Experience helps.  Generally, fit players do not try to win the first game, as they mostly think if they keep the first game long, even if they lose, things will be ok because they can go the distance, and are prepared to do it in five games.

Maybe pacing yourself too will help you.  Some players come out of the blocks going hell for leather, and only know one pace.  After two games the heart starts beating a bit faster too and errors can tend to creep in.  It may not be fitness in this case but trying to win with power rather than skill.  What I mean is, if you outposition your opponent, before going for the winner,  then it is easier to bring on the power.

Not having seen a match, unfortunately,  I really cannot make a constructive comment about your game. 

I hope some of the stuff I have said will make sense and maybe be useful.

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From mike - 19 Apr 2007 - 13:41

I have mental problems (let me finish ) if I have an excellent start and play better than usual for the first one or two games. I feel as though I'll exhaust my supply of good shots, and that playing so well is unsustainable, especially if my opponent is a strong player.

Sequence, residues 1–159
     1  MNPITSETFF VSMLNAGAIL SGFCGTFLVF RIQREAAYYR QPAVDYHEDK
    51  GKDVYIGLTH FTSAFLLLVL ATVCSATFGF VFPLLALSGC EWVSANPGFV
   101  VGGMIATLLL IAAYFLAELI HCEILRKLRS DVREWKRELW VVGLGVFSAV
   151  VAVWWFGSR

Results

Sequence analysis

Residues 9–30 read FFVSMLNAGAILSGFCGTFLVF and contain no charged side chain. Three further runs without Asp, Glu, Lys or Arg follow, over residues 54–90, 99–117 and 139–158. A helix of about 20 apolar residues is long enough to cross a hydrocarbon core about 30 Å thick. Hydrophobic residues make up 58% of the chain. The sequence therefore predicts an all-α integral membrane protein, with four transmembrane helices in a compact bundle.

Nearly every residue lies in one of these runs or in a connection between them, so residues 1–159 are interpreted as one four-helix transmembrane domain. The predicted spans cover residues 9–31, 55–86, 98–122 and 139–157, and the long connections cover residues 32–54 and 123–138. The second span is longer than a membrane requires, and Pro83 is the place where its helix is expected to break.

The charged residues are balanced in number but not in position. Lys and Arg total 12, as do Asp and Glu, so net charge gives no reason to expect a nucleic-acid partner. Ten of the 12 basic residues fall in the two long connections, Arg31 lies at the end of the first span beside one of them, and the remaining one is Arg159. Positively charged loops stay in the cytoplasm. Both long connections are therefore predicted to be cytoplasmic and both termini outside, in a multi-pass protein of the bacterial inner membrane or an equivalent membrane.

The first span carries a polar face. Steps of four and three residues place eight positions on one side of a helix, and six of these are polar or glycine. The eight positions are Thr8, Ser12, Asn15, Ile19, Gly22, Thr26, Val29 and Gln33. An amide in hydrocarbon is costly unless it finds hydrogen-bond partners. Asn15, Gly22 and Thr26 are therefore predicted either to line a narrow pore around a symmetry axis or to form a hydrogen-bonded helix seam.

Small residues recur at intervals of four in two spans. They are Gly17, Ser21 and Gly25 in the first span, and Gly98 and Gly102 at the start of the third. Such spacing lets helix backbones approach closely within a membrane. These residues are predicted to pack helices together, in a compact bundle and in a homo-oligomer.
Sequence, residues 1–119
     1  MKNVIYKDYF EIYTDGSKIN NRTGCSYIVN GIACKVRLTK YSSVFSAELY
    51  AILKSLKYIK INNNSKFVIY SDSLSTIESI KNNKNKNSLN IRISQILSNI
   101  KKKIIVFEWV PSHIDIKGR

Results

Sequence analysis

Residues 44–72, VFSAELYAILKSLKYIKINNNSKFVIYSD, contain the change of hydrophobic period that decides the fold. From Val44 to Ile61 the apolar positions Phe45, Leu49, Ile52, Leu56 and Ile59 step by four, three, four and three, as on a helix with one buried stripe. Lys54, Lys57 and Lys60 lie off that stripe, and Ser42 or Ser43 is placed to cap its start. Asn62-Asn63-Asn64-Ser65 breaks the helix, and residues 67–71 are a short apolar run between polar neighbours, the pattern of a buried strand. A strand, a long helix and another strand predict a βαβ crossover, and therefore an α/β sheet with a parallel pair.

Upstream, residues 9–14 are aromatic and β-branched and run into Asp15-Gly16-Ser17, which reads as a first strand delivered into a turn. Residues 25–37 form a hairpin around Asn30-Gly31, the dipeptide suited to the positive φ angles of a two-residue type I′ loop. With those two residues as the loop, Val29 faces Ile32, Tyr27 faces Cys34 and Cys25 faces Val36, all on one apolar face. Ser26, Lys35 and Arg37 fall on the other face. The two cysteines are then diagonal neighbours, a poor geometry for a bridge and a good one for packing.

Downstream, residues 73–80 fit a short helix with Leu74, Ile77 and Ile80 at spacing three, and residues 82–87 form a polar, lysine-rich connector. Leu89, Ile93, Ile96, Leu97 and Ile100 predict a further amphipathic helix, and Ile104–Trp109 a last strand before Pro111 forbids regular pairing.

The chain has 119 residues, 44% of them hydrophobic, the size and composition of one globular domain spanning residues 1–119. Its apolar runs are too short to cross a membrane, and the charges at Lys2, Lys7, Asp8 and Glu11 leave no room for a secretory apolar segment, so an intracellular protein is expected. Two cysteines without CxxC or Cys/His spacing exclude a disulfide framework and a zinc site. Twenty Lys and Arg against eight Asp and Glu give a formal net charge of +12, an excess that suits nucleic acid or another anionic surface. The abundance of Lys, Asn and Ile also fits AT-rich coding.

I try telling myself that squash isn't about luck or random chance in an effort not to get unnerved.
And for some opponents being down 2 games is just what they need to get motivated. Your last point about going too carefully definitely applies to my in these situations.  

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From rippa rit - 05 May 2005 - 22:37

Yes singie, I understand your frustration. Try some of the tips above and let me know how it works for you. It is always easier to put a game plan together when you know the player's strengths and weaknesses. Anyway, firstly, concentrate on preparing yourself well; then, during the hit up try to observe a new opponent, or maybe watch them play another opponent to get some game strategies in place.
Tell us about it.

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From singie - 05 May 2005 - 22:20

I always lose first match with a new partner. Nightmare.. :-)